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Pondering Socialism

January 20, 2012

I have never really considered myself a socialist, but there is one aspect of socialism that I do have a lot of sympathy with. That is the state ownership of services and facilities.

That’s not say that I think that capitalism isn’t capable of providing excellent quality services and facilities, because I think it can. However, the current trend towards boardroom greed puts the consumer at the bottom of the priority pile and the shareholder at the top. This is the wrong way round.

The population depends on excellent services and facilities and when the demand for higher and higher profits and share price performance gets in the way of providing good quality service at reasonable prices then it’s the consumer who will suffer. The big issue with services and facilities is that often there is little alternative to the end user and so the company concerned ends up with a monopoly which means there is no drive to become competitive or consumer focused.

Train Operators

Train operators are a good example of what I mean. Here in theUK, the train operator that you use depends on the region of theUKyou live in, so there is no real consumer choice over the train services that you use. What was once British Rail is now broken up into several different train companies operating services on a rail network that is owned by yet another company. Multiple companies mean multiple boardrooms and multiple sets of shareholders and share prices to satisfy.

Each year, these companies post good profits and yet the consumer at the end sees fair rises that are higher than inflation at a time when the majority of the people who rely on the trains to get to work each day are on salaries that are either static, or have risen by less than the rate of inflation. Expand this across all the services and facilities that we pay for and you get a picture of families with extremely stretched incomes where the cost of everything has gone up to point where some families are now having to choose which non-essentials to sacrifice so that the basics can be afforded.

What’s this got to do with Socialism?

This is one area where I have think that government ownership of such services is a better idea that letting the free market manage it. The company could still have shareholders and a board, but the objective is to provide a service to the customer and not to have a profitable bottom line. Of course, to turn a profit should be a target, but on the occasional year, say if some major investment is required, it will be okay to not be profitable. I won’t go so far as to say that the tax payer should always subsidise this type of service, it should attempt to be profitable, but the profit aimed for should be modest, enough to put aside for future investment so that consumer prices are kept to reasonable and predictable levels. The kind of unregulated price increases that have been seen of late are not acceptable.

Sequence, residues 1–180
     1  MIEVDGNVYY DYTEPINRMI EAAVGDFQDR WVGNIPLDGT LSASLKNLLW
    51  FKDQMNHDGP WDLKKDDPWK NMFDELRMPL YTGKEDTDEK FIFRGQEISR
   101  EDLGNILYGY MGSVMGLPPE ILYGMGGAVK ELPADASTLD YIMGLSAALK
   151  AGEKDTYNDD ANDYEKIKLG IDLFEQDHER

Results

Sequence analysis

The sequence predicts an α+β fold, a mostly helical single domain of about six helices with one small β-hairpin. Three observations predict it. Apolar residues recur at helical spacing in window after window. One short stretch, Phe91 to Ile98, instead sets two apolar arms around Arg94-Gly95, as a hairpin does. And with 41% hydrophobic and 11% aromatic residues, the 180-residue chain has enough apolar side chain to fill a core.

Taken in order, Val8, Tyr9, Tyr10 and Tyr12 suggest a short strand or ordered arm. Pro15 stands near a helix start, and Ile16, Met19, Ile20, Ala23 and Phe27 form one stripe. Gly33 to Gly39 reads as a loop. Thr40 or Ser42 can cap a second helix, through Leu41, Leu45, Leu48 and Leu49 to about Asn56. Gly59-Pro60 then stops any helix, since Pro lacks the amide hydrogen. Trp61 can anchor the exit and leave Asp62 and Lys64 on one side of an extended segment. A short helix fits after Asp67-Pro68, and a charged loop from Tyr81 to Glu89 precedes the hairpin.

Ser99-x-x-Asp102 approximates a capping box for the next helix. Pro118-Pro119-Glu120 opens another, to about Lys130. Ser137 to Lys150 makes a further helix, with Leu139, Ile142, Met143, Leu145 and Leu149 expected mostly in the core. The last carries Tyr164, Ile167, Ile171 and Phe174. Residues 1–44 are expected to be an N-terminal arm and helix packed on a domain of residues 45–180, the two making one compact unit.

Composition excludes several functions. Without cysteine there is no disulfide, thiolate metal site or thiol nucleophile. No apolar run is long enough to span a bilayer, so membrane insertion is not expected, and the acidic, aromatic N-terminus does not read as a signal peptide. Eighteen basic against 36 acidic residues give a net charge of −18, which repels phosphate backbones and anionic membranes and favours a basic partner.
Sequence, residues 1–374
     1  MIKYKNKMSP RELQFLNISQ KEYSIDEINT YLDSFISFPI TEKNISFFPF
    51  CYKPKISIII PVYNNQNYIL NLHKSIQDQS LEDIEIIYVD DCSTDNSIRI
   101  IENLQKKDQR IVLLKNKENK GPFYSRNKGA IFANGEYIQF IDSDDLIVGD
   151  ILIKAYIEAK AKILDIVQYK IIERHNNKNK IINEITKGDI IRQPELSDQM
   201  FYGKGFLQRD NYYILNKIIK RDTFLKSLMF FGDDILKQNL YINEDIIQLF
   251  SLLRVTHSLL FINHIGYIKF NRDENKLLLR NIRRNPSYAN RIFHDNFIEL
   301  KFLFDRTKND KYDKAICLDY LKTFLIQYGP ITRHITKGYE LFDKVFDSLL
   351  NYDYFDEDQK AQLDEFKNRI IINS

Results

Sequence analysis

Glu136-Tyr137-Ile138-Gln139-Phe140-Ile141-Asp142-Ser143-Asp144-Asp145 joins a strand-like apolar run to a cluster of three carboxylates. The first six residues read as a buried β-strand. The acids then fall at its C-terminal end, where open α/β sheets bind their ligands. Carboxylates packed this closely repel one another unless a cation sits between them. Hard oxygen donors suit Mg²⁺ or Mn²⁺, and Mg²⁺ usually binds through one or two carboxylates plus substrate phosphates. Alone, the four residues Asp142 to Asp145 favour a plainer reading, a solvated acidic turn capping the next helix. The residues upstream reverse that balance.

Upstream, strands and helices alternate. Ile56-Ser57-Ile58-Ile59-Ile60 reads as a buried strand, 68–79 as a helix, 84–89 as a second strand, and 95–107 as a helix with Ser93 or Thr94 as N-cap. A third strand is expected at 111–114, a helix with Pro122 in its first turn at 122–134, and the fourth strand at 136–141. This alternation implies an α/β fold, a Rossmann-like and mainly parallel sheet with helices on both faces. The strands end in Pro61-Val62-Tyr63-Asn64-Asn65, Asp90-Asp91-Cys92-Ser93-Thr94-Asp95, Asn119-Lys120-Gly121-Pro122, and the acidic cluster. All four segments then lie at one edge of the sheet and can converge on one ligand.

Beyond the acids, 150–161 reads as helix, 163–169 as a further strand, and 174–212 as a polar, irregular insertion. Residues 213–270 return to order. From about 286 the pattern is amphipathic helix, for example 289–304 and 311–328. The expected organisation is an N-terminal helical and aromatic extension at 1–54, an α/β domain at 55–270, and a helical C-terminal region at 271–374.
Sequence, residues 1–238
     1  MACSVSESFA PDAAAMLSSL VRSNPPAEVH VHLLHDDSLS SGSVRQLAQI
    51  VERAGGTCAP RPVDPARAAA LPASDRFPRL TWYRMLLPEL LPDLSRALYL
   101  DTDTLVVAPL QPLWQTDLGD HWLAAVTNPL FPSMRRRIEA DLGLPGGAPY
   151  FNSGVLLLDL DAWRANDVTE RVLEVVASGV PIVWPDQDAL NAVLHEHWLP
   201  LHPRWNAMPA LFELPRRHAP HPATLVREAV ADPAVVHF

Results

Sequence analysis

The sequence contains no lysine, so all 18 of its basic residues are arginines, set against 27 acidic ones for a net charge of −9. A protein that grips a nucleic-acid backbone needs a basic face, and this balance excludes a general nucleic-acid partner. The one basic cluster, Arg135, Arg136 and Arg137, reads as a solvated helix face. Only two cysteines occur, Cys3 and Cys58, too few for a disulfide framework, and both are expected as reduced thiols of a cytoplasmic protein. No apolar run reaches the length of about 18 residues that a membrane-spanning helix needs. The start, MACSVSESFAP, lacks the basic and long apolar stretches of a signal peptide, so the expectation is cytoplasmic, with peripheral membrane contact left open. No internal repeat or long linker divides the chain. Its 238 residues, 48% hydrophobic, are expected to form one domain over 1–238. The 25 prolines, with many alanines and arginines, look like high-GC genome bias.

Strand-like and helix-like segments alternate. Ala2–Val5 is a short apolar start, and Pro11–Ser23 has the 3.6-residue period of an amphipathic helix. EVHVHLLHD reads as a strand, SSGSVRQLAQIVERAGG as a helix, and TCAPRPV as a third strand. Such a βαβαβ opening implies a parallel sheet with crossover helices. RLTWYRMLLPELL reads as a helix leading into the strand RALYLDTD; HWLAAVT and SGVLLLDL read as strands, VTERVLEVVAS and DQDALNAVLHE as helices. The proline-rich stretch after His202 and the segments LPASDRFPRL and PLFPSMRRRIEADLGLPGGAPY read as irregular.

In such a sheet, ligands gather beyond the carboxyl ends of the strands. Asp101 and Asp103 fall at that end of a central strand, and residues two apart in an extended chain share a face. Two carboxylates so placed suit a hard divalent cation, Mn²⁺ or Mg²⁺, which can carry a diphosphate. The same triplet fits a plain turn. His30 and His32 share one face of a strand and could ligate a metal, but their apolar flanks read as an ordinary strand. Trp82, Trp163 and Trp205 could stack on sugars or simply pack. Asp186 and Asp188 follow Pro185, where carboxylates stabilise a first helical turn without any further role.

How about facilities?

I feel similarly about facilities such as water, electricity and waste. The driver should be excellent service to the consumer at a reasonable price. Excessive profits should never happen and surplus should be turned round into future investment so that the service is always as efficient and environmentally sound as possible.

Facilities such as those mentioned above are essential to everyone and the day to day reliability of them is paramount. Its also insane to consider that some people are now struggling to afford them having had prices of everything rise steeply and no salary rise to match.

I’m not saying that facilities should be run as a charity, but they should not be treated as just another private enterprise.

A different type of company?

In discussion about this particular issue round the dinner table recently I found that I am not alone in thinking like this. There are others who think that the capitalist way of working does not, or should not, apply to services and facilities and that at the very least there should be a separate tier of enterprise for this type of company that restricts its activities or binds its policies.


From → comment

  1. I remember when I was young, and at that time was in Australia. The political right would always argue that socialism was terrible, and they pointed to the state run railroads to prove their point. (The left pointed to the state run telephone system, to argue the opposite).

    Then I moved to USA for graduate school. And there, the railroads were privately run, but they were in just a sad a shape as the railroads in Australia.

    My own view? Some things are better run by government, and some are better privately run. It isn’t always easy to decide which is which.

    • limey permalink

      HI Neil, thanks for the comment.

      Re your last paragraph, I do agree, it is who is up top that is important not what. If those running a company (be it a service or not) run it in an ethical manner, it really doesn’t matter if its a public company, a privately owned company or a government owned company.

      I guess my point was that if it is a government owned service company, at least there is a mechanism to force the company to be managed in a particular way.

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